The data support person collaborates with leadership and teams to consider ways to use the data to answer an array of questions that will emerge while building inclusive systems at multiple levels of the system. For example at the instructional level, teachers may ask “Who are the students who might benefit from pre-teaching/ re-teaching the content?” or “To what extent do all students feel confident in expressing their needs across the school day?” Whereas at the school level, the leadership team could ask “Is there a relationship between attendance/tardiness and literacy achievement?" 

Collecting and Using Data is a Collaborative Effort

While one person is often identified to be responsible for data, in truth, no one person can be totally responsible for all data collection. Data-supported decision making is a collaborative effort and the responsibility of everyone in the system. Consider how individual teams can develop the capacity to pull reports that provide them with just-in-time information related to the focus of their work. For example, teachers on a grade-level team can track student progress monitoring data using a shared document platform to determine which students need additional support in key areas. Or, a principal can gather data on the fidelity of use of evidence-based practices in inclusive classes by looking at aggregated data from collaborative Classroom Learning Walks where observations are entered into an online form.

What is data-based decision making?

Data-based decision-making is the process by which questions are answered, implementation is reviewed and improved, and student progress is monitored in a systematic and objective manner. This is ensured through:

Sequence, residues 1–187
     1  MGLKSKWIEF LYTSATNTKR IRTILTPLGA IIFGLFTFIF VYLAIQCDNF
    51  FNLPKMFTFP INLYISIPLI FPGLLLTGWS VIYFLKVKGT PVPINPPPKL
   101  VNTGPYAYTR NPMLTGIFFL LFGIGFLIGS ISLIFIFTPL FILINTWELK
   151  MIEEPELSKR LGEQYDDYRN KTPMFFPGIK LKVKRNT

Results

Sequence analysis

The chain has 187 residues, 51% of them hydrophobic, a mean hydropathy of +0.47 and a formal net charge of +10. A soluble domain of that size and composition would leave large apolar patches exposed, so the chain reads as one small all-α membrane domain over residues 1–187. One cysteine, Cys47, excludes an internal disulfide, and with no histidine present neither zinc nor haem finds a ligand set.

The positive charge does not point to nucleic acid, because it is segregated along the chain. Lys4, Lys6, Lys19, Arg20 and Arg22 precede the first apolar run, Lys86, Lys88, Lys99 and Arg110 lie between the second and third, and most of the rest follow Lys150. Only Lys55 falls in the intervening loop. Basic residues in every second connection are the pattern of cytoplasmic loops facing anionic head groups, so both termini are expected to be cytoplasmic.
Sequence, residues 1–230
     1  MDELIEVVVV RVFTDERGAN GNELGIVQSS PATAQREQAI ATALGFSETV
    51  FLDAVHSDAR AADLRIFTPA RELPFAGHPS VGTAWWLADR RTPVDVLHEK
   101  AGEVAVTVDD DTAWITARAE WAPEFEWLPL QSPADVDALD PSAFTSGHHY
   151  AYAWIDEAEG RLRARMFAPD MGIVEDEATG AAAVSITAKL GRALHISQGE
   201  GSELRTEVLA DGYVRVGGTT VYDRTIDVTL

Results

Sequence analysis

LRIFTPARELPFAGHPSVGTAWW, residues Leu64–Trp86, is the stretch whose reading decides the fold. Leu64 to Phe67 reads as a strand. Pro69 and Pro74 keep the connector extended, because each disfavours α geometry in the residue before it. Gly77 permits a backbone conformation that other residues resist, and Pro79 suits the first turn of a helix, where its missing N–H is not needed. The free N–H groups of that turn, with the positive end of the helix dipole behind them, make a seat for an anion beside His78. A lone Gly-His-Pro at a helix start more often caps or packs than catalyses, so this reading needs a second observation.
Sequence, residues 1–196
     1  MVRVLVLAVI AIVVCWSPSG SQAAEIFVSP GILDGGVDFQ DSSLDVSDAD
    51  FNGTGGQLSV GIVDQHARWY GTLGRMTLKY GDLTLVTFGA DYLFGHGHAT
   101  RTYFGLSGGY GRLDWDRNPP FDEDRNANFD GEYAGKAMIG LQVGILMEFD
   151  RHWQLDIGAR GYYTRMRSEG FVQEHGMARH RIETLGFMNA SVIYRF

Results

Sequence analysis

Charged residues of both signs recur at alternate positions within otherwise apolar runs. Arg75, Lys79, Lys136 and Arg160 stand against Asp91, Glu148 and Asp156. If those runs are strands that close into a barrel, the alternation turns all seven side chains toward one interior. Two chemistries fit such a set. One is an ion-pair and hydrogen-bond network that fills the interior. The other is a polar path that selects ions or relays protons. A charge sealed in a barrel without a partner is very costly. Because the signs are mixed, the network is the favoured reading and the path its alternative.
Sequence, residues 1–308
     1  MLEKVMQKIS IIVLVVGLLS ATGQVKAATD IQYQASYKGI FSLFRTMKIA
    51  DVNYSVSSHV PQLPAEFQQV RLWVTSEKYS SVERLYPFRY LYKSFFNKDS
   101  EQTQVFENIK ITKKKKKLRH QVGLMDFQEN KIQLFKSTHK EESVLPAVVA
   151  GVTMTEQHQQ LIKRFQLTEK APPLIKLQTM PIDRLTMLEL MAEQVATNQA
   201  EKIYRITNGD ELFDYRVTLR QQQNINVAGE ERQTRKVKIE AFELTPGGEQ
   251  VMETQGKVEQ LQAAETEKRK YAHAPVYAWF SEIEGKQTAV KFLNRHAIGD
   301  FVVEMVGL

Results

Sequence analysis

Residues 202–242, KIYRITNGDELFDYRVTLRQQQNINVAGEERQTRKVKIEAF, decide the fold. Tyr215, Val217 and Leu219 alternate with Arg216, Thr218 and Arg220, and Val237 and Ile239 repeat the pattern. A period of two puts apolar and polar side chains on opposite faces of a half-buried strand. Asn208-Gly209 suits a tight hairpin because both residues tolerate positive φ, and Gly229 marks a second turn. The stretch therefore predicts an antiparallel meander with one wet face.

• data collection that is standardized and consistent across an organization,

  • use of a transparent data-review process that is designed so the individual and organizational capacity can grow, and

  • clear communication regarding how the data will be used and by whom. 

Why is data-based decision-making vitally important in creating equitable and inclusive school communities for all students, including those with significant cognitive disabilities?

Inclusive education for any historically excluded or disenfranchised group of students demands deep reflection on long-held false beliefs about the value of inclusive education for all students and the benefits each student receives as their worth and potential are recognized by the system. Data that are disaggregated by sub-groups of students, when used consistently and with fidelity, provides accurate information that counters false-beliefs and drives equity-based instruction for all students.

How do we know which data are the best to use for decision-making?

It is often said that systems are data rich and information poor! Choosing what data to collect and use starts with formulating the questions you want to answer. From here, choose the specific types of data that will answer these questions. Think both about the components of implementation that you want to evaluate and the student outcomes you want to monitor.

What processes should we have in place to use the data?

A process for using data for decision-making should include: 

  • Systems data being disaggregated, analyzed, and summarized at least quarterly;  

  • Data summaries that are communicated clearly to relevant staff;

  • Action plans being developed, regularly revisited and revised, if needed, to improve implementation supports and outcomes; and 

  • Data summaries and action plans that are shared with key stakeholders.